Med Page Today reported on new brain injury research out of the University of Southern California. According to reports on the project published in the March issues of Archives of Surgery, researchers believe that boosting red cell production may help patients who have developed brain injuries. Our Illinois brain injury attorneys understand that each and every study which offers hope for improving the condition of those with these injuries is good news.
This particular research effort involved testing the effect on traumatic brain injury patients who received a red cell production stimulant known as erythropoiesis-stimulating agents. Specifically, researchers found that those who were given the stimulant had a 75% lower mortality risk than those not given the agents. Of course decreased mortality rates to that large of a degree suggests that the red cell effect is quite robust.
The MedPage analysis of the research effort is a bit technical. However, the article explains that animal models suggest that the stimulant decreases secondary neuronal damage on top of improving overall outcomes for TBI victims. As our Chicago traumatic brain injury lawyers have often explained, it is the secondary damage is just as severe as the harm from the initial trauma which causes the TBI. The secondary damage, often referred to as a “tsunami,” leads to subsequent brain damage that is often never able to be reversed. Limiting the tsunami has long been an important medical goal, which would go a long way to improving the long-term living conditions for brain injury victims.
This latest research effort produced findings similar to a retrospective effort that the researchers had previously conducted. In that earlier effort, the investigators examined records of patients who had received the stimulating agent and compared them with patients who had not. A large survival benefit was found in those cases.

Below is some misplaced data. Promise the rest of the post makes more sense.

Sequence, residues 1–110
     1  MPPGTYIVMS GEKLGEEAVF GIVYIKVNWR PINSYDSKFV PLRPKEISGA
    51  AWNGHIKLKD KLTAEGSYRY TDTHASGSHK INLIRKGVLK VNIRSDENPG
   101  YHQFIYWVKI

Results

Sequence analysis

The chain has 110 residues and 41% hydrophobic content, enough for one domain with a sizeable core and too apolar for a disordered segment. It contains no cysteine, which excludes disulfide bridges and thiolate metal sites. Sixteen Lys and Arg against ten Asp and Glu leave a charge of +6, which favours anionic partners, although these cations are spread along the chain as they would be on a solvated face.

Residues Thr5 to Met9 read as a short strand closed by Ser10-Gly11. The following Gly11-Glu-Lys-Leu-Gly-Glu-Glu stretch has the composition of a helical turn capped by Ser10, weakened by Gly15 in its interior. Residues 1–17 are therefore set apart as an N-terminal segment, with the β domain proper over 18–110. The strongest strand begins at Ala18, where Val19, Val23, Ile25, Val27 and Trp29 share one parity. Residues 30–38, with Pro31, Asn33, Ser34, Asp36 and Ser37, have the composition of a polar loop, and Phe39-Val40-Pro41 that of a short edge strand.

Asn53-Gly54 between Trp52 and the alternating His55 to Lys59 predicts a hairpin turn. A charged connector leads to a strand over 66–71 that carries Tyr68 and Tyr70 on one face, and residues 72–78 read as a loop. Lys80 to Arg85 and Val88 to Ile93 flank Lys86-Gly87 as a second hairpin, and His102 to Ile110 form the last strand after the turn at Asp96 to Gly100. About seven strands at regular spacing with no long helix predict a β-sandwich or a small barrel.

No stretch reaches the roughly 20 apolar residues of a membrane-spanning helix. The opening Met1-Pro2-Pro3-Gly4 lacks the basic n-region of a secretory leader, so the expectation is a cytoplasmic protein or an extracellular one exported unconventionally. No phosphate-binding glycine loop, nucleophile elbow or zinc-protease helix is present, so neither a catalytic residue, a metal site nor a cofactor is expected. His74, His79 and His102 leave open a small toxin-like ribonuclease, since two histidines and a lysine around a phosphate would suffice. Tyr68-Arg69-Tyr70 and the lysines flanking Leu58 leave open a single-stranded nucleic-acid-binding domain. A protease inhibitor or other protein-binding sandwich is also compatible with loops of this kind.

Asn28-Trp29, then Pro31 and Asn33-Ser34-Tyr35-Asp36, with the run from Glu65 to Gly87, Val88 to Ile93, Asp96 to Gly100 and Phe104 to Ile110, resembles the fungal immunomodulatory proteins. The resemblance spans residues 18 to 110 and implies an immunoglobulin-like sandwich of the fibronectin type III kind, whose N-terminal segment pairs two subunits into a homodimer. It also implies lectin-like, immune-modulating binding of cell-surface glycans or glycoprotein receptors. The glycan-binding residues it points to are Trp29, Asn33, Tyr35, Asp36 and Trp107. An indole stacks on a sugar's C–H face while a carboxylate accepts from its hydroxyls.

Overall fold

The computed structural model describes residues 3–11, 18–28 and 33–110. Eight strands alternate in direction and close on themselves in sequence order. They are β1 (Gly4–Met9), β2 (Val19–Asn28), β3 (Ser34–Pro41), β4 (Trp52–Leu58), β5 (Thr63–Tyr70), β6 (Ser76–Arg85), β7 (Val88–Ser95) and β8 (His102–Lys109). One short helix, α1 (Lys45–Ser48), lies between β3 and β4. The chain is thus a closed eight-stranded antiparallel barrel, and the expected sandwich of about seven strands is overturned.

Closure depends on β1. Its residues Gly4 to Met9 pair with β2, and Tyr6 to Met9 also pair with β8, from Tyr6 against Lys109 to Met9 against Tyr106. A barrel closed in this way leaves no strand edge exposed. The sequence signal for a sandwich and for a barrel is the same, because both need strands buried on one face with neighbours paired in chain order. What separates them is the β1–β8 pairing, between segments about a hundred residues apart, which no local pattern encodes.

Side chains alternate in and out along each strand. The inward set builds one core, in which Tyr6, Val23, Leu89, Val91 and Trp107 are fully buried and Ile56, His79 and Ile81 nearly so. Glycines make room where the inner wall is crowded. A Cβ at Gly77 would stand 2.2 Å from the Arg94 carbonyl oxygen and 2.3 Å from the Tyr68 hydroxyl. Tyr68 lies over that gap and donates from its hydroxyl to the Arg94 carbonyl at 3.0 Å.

This most recent research project was actually spurred by an effort to verify the retrospective research project. This most recent project involved observational studies of patients who were admitted to an area hospital over a two year period. In total, 566 patients were examined. Of that group, 75 were giving the red cell boosting agent. Researchers then compared those individuals with a matched control group. The controls were selected to represent patients as similar as possible to those who had received that agent. There were no differences between the two groups in regards to demographics, severity of the injury, or similar measures. Of course this is important to isolate one single cause-in this case the stimulant-as being the actual factor responsible for any differences in the outcomes of the two groups of patients.
Of those two groups only 9.3% of patients who received the agent died while at the hospital compared with 25.3% of the control group. There was seemingly no major difference in a variety of other complications between the two groups, such as deep vein thrombosis, pulmonary embolisms, pneumonia, acute renal failure, and respiratory distress syndrome.
The researchers are next hoping to conduct n actual randomized experiment along the same lines as this latest effort. The randomized experiment would offer even stronger evidence, because this effort involved patients who either did or did not receive the agent at the discretion of their own physician, not random chance.
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